Natural Gas Generators in NYC: Pros and Cons

Michael Tobias
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    Diesel is the most common fuel used by emergency and standby generators in New York City, but natural gas generators are a promising alternative. Unfortunately, the current NYC Building Code hinders their use, since there are only two cases where natural gas is allowed as the only fuel supply for a generator.

    • Emergency power systems in buildings classified as occupancy Group R-2. This occupancy group includes high-rise multifamily buildings.
    • Standby power systems, as long as they are isolated from other gas services in the building with an outside cut-off valve. In addition, this valve must meet the requirements of the NYC Fuel Gas Code.

    This article will provide an overview of natural gas generators, and their advantages and disadvantages.

    Advantages of Natural Gas Generators

    Natural gas is the only fuel delivered as a utility service in New York City, immediately giving it a logistical advantage over diesel, gasoline, heating oil and propane. With any fuel other than natural gas, a local storage tank becomes necessary, taking up space. In addition, it is necessary to keep track of fuel level and schedule deliveries accordingly. To summarize, all fuels other than natural gas require ongoing attention to ensure availability.

    Natural gas does not require a storage tank and is delivered through a pipe, immediately making it easier to manage: a natural gas generator will always be ready for operation as long as it remains connected to the gas service entrance. In addition, natural gas generators can normally achieve a lower generation cost per kilowatt-hour compared with diesel units.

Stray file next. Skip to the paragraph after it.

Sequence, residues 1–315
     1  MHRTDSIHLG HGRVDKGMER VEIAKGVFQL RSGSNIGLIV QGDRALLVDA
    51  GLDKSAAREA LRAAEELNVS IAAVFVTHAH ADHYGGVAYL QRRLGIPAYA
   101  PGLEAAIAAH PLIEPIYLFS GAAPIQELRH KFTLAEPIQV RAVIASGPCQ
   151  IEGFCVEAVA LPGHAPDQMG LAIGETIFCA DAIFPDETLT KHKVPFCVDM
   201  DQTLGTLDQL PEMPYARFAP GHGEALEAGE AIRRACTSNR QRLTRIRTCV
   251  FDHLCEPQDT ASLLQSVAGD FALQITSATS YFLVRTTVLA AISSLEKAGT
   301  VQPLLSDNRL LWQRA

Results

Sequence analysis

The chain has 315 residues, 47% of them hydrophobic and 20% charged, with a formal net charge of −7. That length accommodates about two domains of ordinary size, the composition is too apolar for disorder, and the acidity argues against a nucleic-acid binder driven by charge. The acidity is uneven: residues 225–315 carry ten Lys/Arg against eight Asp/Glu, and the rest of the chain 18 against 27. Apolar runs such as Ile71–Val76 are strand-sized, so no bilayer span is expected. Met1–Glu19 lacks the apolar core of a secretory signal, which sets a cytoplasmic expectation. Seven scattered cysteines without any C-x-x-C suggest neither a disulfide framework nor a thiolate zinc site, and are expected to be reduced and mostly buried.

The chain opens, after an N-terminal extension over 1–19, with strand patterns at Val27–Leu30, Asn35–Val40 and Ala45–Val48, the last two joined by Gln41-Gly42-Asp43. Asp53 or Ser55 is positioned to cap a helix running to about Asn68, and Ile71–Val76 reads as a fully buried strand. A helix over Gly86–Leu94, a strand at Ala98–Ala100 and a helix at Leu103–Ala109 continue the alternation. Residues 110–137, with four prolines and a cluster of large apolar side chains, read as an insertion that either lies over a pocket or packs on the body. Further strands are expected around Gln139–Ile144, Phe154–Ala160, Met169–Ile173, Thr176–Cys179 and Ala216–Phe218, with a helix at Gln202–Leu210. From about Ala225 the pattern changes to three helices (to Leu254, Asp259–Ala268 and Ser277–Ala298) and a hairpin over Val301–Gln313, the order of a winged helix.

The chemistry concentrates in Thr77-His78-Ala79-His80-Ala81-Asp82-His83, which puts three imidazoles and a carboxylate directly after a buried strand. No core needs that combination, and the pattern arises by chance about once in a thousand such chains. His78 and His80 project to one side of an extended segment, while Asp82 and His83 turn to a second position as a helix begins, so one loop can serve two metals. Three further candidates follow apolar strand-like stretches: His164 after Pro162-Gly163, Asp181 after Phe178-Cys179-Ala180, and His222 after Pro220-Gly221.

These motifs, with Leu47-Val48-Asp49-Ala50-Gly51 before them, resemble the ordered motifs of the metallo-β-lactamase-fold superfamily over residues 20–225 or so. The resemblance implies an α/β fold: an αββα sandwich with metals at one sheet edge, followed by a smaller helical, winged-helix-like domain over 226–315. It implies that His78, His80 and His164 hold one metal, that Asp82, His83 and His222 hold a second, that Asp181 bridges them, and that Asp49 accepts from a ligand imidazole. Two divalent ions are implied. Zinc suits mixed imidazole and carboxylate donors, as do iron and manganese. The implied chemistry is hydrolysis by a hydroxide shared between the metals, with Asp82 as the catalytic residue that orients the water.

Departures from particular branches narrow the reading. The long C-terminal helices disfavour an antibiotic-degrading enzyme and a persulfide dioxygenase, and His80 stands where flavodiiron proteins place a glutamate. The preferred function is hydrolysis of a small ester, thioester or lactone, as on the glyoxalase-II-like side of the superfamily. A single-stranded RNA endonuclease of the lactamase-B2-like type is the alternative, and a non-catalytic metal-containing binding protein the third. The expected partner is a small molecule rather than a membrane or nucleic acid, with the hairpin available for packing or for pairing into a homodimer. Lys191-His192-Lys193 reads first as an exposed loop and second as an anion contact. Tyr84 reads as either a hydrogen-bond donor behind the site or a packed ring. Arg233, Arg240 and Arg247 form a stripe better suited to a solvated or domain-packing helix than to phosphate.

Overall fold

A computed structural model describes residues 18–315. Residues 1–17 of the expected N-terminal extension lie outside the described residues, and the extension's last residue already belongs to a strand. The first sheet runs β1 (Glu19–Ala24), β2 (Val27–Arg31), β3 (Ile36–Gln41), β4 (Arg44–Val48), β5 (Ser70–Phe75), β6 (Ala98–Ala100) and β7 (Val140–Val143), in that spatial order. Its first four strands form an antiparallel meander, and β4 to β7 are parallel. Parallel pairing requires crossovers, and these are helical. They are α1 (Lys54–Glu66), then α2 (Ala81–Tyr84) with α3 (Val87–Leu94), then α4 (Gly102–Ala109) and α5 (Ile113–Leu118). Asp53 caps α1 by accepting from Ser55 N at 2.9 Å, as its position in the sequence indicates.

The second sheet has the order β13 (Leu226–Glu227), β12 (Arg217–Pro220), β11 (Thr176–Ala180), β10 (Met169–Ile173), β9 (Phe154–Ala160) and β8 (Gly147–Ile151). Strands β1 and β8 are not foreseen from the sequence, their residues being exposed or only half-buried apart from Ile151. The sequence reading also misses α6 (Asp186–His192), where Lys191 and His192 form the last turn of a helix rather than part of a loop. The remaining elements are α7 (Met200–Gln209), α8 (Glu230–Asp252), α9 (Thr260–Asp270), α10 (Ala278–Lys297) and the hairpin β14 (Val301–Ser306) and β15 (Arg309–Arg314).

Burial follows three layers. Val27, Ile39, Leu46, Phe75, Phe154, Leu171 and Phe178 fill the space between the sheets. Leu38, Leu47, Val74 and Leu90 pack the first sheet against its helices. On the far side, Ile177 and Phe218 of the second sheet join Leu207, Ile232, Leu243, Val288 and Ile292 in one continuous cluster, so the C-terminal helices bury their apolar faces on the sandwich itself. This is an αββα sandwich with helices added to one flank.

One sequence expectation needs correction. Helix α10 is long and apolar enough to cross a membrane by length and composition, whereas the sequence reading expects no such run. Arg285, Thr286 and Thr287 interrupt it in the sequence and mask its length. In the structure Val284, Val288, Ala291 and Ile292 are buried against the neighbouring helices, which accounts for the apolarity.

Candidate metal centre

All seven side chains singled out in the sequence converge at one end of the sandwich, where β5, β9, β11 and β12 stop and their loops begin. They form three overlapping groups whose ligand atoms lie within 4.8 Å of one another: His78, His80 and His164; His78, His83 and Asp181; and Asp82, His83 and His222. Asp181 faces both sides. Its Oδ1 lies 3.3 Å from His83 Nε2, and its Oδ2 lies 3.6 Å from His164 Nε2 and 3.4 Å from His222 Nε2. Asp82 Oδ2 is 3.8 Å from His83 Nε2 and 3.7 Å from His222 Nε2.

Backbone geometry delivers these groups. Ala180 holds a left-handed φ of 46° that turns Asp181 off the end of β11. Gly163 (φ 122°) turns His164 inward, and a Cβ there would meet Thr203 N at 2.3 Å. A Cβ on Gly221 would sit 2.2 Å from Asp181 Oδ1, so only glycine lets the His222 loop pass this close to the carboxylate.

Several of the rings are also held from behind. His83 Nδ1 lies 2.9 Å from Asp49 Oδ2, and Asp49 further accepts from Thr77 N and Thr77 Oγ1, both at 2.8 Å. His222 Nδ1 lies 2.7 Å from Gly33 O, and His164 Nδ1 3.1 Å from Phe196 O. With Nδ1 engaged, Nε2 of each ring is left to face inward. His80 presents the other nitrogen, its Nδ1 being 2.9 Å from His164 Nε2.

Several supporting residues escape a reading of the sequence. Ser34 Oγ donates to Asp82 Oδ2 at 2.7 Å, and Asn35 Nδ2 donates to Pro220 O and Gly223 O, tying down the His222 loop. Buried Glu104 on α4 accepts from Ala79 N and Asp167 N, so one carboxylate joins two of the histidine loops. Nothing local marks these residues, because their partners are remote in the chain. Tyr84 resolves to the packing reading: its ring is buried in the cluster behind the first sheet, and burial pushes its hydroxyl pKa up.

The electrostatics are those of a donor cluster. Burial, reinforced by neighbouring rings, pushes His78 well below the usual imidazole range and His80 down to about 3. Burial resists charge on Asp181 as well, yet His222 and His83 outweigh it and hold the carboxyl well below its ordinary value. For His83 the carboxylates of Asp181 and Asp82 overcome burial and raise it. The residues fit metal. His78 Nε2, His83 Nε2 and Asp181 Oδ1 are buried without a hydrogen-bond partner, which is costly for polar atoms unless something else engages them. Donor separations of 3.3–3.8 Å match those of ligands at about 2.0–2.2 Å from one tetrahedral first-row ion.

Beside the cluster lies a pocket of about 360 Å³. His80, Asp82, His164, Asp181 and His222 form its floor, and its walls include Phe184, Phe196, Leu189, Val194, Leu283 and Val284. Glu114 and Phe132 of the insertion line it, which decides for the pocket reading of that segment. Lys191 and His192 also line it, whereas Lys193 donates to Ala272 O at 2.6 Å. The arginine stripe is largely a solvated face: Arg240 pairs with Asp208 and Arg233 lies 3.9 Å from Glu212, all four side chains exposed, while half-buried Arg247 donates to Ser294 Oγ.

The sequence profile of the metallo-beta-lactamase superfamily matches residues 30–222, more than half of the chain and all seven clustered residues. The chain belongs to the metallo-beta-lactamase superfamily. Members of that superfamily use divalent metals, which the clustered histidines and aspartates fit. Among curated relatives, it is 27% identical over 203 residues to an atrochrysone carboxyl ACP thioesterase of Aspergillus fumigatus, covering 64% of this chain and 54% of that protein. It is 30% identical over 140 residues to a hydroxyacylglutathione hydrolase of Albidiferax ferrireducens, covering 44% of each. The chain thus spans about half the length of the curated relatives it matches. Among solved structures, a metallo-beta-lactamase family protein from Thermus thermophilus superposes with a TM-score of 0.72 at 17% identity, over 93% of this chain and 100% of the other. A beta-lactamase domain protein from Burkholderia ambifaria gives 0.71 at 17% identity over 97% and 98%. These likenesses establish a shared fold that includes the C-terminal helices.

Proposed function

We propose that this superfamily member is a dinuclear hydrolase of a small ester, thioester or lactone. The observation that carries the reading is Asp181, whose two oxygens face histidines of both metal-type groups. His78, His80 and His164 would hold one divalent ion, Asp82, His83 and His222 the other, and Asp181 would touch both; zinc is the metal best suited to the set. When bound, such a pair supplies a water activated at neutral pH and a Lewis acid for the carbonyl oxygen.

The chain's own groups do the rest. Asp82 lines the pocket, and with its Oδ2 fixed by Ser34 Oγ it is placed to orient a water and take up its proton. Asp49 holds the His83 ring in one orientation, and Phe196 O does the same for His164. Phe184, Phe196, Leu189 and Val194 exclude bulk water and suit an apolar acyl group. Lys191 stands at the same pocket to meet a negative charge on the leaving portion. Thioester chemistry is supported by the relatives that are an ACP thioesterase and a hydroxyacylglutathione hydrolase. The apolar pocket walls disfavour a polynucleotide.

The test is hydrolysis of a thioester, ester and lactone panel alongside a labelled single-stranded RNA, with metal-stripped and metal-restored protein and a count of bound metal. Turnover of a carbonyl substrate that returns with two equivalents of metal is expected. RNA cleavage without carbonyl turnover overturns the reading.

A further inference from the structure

Another advantage of natural gas is service reliability under emergency conditions, and this was evident in the year 2012 during Hurricane Sandy. While one-fifth of New York City was left without electricity, gas supply interruptions were very rare. This way, properties with natural gas generators could remain powered even when a significant portion of the power grid was compromised. Of course, for this approach to be viable, the natural gas generator must be installed out of the reach of floodwaters.

    Lithium-ion batteries are another promising backup power source for buildings, and they can be a cleaner alternative than natural gas generators if combined with a renewable generation system, such as a solar photovoltaic array or a wind turbine. In fact, lithium batteries can be charged with the power grid itself during off-peak hours, when the lowest electricity rates apply. Unfortunately, batteries are less resilient that natural gas generators during an extended power outage:

    • If there is no renewable energy system, the power supply is lost as soon as the lithium battery bank is depleted.
    • Even if there is a renewable energy system, power availability may be intermittent. For example, the cloudy weather that comes with a hurricane hinders solar energy generation, and wind turbine owners may have to dismount them temporarily to protect them from harsh winds.